Dance - Peace, love and dance at the National Black Arts Festival
Chuck Davis brings his renowned celebration of African movement to the Rialto
There,s more to a DanceAfrica event than dance. While swirling costumes, fleet footwork, and irresistible rhythms are certainly central to the show, as founder Chuck Davis points out, it's also meant to be an honoring of ancestors, a gathering of community, a chance for the audience to get involved.
"It's more than just a sitting in your seat type of show," says Davis. "This is the African tradition. We want to touch that part of you that is just raring to set your feet tapping."
Davis created the first DanceAfrica, a mixed program of African dance and music, at the Brooklyn Academy of Music in 1977. The event's combination of performance, festival, ceremony and celebration caught on, and it has become a staple of the BAM season. The event has since spread to Chicago, Washington, D.C., Hartford, Dallas, Minneapolis, Los Angeles, Philadelphia and Miami, held annually in some places for more than 20 years to standing-room only crowds. Atlanta is currently preparing to host its first DanceAfrica as part of the National Black Arts Festival.
"Not only are we celebrating dance born on the continent," says Davis, "but we're also celebrating the fact that we have artists and dance companies here that are maintaining and carrying on the culture as best they can on these shores. We have so many different sources to draw upon. Every aspect of culture and rhythm is found on Africa because Africa is the beginning of life."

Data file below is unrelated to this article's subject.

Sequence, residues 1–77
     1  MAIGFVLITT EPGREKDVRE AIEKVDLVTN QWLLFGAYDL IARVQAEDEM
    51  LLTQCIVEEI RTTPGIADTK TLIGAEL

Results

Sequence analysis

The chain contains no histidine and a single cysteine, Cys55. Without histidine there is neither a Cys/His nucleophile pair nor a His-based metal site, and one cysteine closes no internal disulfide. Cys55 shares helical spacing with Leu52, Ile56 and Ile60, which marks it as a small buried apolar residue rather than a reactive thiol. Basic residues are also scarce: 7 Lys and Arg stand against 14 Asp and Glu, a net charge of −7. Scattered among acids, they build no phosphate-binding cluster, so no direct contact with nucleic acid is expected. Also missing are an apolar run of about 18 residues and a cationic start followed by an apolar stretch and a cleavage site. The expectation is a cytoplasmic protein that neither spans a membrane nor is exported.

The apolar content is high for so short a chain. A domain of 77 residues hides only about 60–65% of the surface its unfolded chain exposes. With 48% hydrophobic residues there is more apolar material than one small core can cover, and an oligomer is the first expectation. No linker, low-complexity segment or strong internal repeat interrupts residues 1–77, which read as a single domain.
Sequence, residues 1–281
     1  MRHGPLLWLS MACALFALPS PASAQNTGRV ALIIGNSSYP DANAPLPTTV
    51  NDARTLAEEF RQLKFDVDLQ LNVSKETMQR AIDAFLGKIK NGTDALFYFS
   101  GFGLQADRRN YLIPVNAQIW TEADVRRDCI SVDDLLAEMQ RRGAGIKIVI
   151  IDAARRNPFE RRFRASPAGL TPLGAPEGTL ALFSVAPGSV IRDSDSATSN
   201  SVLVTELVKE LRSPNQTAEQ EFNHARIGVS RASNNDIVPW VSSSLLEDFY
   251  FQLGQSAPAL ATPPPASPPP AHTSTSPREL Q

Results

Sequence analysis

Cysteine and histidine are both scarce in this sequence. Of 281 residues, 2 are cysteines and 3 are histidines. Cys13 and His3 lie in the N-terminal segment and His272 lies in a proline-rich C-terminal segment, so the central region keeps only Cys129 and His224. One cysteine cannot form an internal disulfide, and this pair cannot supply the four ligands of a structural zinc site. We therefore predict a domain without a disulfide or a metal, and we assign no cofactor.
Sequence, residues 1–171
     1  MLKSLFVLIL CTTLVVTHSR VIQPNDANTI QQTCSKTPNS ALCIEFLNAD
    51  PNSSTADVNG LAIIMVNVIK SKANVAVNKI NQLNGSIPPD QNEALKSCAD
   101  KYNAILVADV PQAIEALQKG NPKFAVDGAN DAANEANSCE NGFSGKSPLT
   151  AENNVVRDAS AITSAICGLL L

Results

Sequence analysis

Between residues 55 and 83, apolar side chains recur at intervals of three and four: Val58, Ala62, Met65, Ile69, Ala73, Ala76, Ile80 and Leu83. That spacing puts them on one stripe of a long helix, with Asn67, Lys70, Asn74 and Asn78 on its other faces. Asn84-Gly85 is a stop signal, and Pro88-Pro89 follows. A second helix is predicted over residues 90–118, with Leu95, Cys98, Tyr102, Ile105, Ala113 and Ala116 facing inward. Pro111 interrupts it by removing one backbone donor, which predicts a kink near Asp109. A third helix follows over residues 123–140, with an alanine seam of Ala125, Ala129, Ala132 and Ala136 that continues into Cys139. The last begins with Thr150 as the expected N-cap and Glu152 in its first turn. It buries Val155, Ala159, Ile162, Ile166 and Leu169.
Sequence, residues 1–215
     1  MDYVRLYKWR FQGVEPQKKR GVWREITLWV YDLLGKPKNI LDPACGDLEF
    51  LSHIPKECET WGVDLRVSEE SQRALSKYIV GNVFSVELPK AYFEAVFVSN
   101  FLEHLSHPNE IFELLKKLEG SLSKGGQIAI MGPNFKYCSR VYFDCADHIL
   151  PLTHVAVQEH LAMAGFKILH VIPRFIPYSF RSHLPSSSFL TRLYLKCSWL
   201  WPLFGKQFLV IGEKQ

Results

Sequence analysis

A DanceAfrica event always begins with a celebration of the elders, a pouring of libations to honor the ancestors, followed by a processional. "We're standing on the shoulders of so many people who have been responsible for keeping the culture alive," says Davis. "Their hard work is not to be forgotten. We want as many elders as possible to come so they can be saluted and honored each time."
DanceAfrica Atlanta will feature the moves of South African contemporary dancer and choreographer Vincent Mantsoe; traditional South African boot dancing from Lesol's Dance Project; chanting and polyrhythmic works inspired by Mali, the Ivory Coast, South Africa and Guinea by Atlanta's own Giwayen Mata; and the sounds of Ba Cissoko, master of the traditional West African stringed lute known as the kora.
The DanceAfrica events represent the culmination of a lifetime spent learning and educating about African dance for Davis, who, with his company the Chuck Davis African-American Dance Ensemble, played a major role in bringing African forms to the forefront of the 20th-century American dance scene.
"Our mantra has always been 'Peace, love and respect for everybody,'" says Davis. "I'm just happy to be in Atlanta as a part of the National Black Arts Festival. We want people to come out and enjoy the positive energy. You can bring negative energy with you, but the minute you walk through the door, it's changed to positive. The minute those rhythms begin, you are connecting to your neighbor. That is the purpose of our coming together."